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Surge tank is level control strategy in which is used to control the level of liquids in process equipment or tanks, by this tank, no floodation case happend.
Intermediate liquid storage tanks (surge tanks) are commonly installed between processing areas of the plant.
Under normal operating conditions, these storage buffers allow each process area to be operated independently of the other process areas.
Any imbalance in the area production rates within a plant will be reflected by a change in level of the surge tanks between process areas.
When a downstream process area is made up of a continuous process, then its throughput may be automatically adjusted based on the surge tank level, as illustrated below.
Defining Surge Tank
When the rate of flow of a fluid passing down a pipe-line changes, there is a change in pressure. The severity of this effect depends upon the rate of change in the flow rate, the length of the pipe and its diameter. In small bore pipes there is no real problem other than maybe an annoying hammering sound. In large water mains the rate of change in flow is carefully controlled to avoid damage to pipes and valves. Unfortunately this solution will not work with Turbines where a sudden change in load requires a rapid change in water demand.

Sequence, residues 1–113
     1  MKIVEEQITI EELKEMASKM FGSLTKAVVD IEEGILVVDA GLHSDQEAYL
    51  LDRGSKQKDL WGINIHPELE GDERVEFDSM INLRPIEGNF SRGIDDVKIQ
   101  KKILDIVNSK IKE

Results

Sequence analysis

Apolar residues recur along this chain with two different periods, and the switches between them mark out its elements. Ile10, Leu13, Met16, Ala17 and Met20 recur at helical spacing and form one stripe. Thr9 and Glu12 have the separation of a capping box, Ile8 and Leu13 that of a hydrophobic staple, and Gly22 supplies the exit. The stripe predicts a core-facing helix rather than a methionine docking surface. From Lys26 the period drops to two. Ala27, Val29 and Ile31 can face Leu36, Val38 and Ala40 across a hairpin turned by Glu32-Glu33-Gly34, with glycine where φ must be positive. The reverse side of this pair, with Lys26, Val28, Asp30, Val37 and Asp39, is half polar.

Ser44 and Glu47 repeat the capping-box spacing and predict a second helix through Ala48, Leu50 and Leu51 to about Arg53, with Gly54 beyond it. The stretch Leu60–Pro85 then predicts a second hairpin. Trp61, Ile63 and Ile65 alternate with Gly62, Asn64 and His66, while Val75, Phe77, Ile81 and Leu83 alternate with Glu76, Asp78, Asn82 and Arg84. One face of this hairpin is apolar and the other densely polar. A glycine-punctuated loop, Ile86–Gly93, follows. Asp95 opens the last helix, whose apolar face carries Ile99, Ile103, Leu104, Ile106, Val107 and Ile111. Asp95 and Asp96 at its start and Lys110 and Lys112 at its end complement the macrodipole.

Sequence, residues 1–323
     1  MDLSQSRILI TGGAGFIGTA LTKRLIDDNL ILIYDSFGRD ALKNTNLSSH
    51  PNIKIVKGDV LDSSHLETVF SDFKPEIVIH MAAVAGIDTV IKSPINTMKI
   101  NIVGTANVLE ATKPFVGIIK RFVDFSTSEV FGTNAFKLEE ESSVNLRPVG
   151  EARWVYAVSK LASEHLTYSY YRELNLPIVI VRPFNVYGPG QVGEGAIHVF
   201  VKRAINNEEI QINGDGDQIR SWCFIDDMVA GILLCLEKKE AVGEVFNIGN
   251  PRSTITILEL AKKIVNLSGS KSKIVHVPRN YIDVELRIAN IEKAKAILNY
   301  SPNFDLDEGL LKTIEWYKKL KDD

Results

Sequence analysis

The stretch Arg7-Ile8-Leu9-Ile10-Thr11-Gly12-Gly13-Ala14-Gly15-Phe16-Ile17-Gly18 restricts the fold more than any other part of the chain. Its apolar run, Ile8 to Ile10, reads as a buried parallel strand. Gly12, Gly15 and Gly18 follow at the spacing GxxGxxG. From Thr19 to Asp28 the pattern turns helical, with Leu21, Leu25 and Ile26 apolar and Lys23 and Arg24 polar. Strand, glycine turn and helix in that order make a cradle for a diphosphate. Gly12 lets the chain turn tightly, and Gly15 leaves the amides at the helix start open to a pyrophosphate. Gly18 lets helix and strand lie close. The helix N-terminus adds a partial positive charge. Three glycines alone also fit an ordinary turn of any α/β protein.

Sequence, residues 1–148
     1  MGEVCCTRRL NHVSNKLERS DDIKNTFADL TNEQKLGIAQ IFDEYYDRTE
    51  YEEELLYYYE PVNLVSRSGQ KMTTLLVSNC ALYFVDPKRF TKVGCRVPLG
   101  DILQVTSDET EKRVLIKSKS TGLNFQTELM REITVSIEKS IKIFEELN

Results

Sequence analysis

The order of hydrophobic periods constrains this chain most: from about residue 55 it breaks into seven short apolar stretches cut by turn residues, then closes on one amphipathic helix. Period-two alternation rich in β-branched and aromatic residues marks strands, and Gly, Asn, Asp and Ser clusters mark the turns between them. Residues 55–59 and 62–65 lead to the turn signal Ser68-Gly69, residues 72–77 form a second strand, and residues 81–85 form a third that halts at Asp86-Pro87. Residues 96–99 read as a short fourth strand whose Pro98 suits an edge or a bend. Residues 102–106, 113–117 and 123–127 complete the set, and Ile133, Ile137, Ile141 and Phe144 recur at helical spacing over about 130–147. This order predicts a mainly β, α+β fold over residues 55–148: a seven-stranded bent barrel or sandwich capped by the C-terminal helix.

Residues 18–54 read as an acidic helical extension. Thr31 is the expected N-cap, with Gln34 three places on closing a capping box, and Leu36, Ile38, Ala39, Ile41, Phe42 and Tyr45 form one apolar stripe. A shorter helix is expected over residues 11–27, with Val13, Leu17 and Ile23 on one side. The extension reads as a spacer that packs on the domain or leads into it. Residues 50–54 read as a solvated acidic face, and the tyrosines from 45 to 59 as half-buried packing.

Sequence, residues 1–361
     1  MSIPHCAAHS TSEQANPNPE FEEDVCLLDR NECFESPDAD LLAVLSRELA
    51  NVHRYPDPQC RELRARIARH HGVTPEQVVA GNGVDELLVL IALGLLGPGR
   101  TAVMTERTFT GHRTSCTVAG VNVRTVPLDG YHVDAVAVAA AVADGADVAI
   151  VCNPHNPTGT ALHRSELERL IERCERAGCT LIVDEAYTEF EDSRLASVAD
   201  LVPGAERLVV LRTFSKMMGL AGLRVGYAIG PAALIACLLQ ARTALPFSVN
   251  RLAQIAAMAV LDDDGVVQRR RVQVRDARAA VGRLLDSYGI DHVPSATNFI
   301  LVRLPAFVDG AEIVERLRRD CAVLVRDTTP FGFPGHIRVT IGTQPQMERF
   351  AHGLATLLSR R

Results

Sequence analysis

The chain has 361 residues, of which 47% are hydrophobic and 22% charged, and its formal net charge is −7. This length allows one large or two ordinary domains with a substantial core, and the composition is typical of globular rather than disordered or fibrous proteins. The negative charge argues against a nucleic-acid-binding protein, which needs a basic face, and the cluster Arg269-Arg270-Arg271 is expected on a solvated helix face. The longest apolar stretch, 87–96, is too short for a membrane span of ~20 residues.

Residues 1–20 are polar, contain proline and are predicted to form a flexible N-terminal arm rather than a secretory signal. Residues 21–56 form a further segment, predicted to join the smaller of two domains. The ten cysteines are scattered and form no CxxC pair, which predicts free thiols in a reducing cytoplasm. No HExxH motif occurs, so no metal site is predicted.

Here Surge Tanks or Stand Pipes are used to reduce the pressure surges. When the flow to the turbine is reduced, water flows into the surge tank and conversely for increased load , the initial extra water required is from the surge tank.
The size of the tank should be such that water will not overflow when the turbine is suddenly shut down, nor allow air to be drawn into the system following a sudden increase in demand. In addition it must be sited as close to the turbines as possible to avoid surges in the length of pipe between the surge tank and the turbine.
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